Cassandre, the ultimate summer dress
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No matter how successful a pattern is with the sewing community, I usually take ages to sew it – for instance I was two years late to the game for the beautiful and massively popular V9253 dress! (my two versions are here and here). But the Cassandre dress pattern was just too pretty to resist, and far too appropriate for my beachside summer, so here is my first version (of many too come, beware!).
Cassandre dress pattern review
Cassandre is the ultimate summer dress: with it diminutive front bodice, its naked back and its floaty, floor-length skirt, it is the most comfortable thing to wear on hot summer days. I find the style of this dress absolutely gorgeous- although very different from the much more fitted dresses I usually sew and wear.
The skirt is attached to the bodice in the most clever way, via a narrow flat elastic, which allows to pull the dress on and off without any zipper. The skirt ruffles are not sewn within the seams but are visible on the outside, which gives the dress its very distinctive look.
My only reservation about this dress is the front bodice fit, which I find far from perfect – but to be honest I should really have made a full bust adjustment and a muslin and I didn’t bother, so this is largely my fault. For my next versions I will probably used a tried and tested bodice instead of the pattern one.
As soon as I discovered the Cassandre pattern, I visualised it in this very fabric I had in my stash – a silky polyester satin with large palm prints from Croftmill. The colour-scheme is not my usual but the palms are so appropriate for a beach dress. The fabric was quite slippery to cut and work with, which did not help my bodice fit, but it is so comfortable to wear in the heat that I am (nearly) ready to forget this.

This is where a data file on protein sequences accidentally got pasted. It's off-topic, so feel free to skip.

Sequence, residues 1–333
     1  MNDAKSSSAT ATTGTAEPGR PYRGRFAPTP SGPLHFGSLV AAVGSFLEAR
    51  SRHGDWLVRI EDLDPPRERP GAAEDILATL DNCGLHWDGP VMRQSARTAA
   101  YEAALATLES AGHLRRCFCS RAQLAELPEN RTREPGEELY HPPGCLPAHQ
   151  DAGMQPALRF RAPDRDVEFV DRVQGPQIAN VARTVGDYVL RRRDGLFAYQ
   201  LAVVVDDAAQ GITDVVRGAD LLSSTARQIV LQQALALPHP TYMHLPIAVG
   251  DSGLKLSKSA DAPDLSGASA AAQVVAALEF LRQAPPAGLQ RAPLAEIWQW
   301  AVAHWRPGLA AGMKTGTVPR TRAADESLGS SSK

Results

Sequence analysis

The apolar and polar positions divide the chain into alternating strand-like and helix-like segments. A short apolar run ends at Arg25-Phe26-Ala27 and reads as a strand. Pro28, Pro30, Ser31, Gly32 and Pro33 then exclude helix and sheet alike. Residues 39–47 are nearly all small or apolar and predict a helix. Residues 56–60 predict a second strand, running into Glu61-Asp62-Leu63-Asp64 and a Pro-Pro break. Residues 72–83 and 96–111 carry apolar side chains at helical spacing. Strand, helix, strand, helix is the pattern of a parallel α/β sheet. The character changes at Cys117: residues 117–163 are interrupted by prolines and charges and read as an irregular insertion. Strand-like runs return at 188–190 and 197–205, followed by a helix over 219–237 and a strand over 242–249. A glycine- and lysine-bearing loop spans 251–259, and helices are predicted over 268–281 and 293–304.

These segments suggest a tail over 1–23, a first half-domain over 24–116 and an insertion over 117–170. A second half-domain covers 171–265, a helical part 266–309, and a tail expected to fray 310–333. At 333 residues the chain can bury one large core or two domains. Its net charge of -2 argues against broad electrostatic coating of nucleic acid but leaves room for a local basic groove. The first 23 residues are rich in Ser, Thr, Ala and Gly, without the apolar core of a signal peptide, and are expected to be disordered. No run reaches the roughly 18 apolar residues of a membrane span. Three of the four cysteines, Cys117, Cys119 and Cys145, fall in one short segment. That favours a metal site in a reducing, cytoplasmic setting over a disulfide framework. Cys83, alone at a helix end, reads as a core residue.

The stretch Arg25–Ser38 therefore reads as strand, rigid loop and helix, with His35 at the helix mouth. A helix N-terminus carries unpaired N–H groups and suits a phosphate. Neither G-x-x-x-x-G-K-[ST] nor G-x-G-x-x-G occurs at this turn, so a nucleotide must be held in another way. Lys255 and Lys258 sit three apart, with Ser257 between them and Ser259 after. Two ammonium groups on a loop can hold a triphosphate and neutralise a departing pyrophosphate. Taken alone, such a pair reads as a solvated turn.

That said my next versions will be in something a bit less difficult to work with – I have some embroidered cotton and some cotton lawn lined up.
Hacks and adjustments to the pattern
The pattern indications are extremely detailed and straightforward. The one thing I however modified was the length of elastic used for the waist, which I reduced substantially. I had seen many version of Cassandre with a dropping back and I really wanted to avoid this look, so I measured my own waist for the front elastic; and I cut the back elastic in situ.
I also played quite a bit with the back straps. The pattern originally comes with two straps, which can be crossed on the back or bowed at the neck. I made four and positioned then in double-cross, a very fun idea but which took me absolutely ages to adjust (and with a lot of help from “Carl” (Lagarfeld), the name I give my husband when he gets involved in my sewing projects).
But I have many ideas on how this dress could be hacked further so do expect to see more versions on the blog soon…